ACT 18.2 Hollingworth

String Quartet as Autoethnography: The Writing of Out of the Snowstorm, an Owl (2014–17)


July 2019

Published in Action, Criticism, and Theory for Music Education 18 (2): 147–56 [pdf]

My string quartet, “Out of the Snowstorm, an Owl” was begun in 2014, but personal circumstances delayed its completion until 2017. It received its premiere at the Royal Conservatoire of Scotland in 2018, performed by the Brodick Quartet. In the present inquiry, I will explain how this music was created in response to the transformation of my life and the recovery of my lost career as a composer, and was also impacted by a devastating bereavement that I experienced during the three years of its incubation. I will situate the circumstances surrounding the piece within the context of the creative lives of other women composers with particular reference to Ruth Crawford and Ethel Smyth, and I will explore how a piece of music can function as part of a creative autoethnography. The full score and a recording of “Out of the Snowstorm, an Owl” is provided to elaborate and elicit enhanced meanings for the reader.

Keywords: autoethnography, Ethel Smyth, Ruth Crawford, string quartet, woman composer

You went out and told me that … I should go and walk in the picnic area. I did, sometime around noon, the snow was deep and it was difficult to walk around. My feet made lots of holes in the snow. I stood by the burn and cried. I was out in the snow for about half an hour. I went back in the house and sat in the armchair… You came back and you were sitting on the settee. I think you were asleep for a while … While I was in the chair I felt like a massive pressure was physically lifted from my stomach and rib cage. I also started to feel, to let feelings flow in me. I have been crushing everything. I can recall telling [someone] years ago (in the eighties) that I felt like there was a tight knot in my stomach just below the diaphragm. As I sat in that chair the knot, the tension, started to lift from me, like the mist clearing and things getting into clarity. The feeling was incredible and almost impossible to describe. I cried a bit, I think you cried as well. The experience of release continued for about two hours. I have felt completely different—like a different person—ever since then. If there could ever have been any doubt about whether I had done the right thing for myself by leaving […], then this was the certain evidence that I needed to leave him for myself, for my own well being… We saw the barn owl—you collapsed—you said you felt that it happened because you were safe—because I was there. We saw the owl again the following day (Hollingworth 2009).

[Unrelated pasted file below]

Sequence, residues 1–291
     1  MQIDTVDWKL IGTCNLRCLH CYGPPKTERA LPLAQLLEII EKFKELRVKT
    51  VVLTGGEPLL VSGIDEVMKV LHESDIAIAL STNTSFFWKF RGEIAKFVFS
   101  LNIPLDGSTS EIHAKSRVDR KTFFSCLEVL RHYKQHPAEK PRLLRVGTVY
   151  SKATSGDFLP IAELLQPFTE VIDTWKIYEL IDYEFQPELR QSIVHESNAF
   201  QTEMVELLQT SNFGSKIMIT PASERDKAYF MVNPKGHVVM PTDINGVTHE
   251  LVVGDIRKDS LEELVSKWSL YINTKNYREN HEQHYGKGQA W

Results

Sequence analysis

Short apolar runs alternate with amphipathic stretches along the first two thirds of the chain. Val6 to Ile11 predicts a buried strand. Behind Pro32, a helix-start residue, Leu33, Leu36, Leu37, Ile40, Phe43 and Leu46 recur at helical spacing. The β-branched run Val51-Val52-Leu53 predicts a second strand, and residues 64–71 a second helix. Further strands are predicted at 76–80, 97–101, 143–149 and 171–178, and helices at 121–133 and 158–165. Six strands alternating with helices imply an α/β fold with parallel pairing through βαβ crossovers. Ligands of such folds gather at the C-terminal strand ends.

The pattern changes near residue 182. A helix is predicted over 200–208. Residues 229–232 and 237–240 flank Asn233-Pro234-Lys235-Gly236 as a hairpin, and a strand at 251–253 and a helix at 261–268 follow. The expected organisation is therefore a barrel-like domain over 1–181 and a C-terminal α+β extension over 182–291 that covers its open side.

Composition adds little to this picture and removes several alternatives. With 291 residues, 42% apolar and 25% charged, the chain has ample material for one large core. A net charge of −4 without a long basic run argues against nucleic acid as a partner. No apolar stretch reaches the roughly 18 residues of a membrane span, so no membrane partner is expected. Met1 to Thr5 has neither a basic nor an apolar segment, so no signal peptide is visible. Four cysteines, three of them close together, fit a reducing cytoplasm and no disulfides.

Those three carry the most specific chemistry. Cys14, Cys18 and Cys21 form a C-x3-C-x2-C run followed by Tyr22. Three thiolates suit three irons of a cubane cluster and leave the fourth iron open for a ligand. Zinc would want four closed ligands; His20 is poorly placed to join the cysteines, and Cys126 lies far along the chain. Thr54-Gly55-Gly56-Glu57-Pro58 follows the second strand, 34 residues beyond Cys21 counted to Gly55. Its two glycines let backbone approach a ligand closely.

That extract from my personal diary describes events that took place two days after I took action to change my life completely in 2009. In the following pages, I will explain how I arrived at this extraordinary day, how I came to write the string quartet Out of the Snowstorm, an Owl, which I completed in 2017, and how I came to understand that the composition process and my actual work was, in fact, autoethnographic. First, I will provide some background about my life story that led to these events.

I graduated from Manchester University with a Bachelor’s degree in music in 1982 and planned to start a Master’s degree after a short gap. I worked freelance undertaking instrumental teaching and performing new music. In 1986, I won the Yorkshire Arts Association Young Composers’ Competition with my first string quartet, Two Fragments and a Coda, but the performers told me it was unplayable, so it was not performed. I continued to struggle on with very little support and encouragement. In 1988, I had a score performed at a workshop organised by the Society for the Promotion of New Music, but the piece and the method of notation I had used was severely criticised and I felt humiliated at the public event. I became a member of an ad hoc group called North East New Music, which was funded by Northern Arts and I also wrote a piece for a commission from the viola player Susan Bicknell. During this time, I embarked on a relationship with the man who became my first husband and we married in 1985. My husband, who had been very encouraging and who said it was wonderful to have fallen in love with a composer, started to put obstacles in the way of my ever actually starting the masters’ degree. Little by little, in the early 1990s, I stopped composing and in the end, I ceased being a musician at all. My husband expected me to live his life, not my own. I fell into a very deep depression and did almost nothing at all for three years.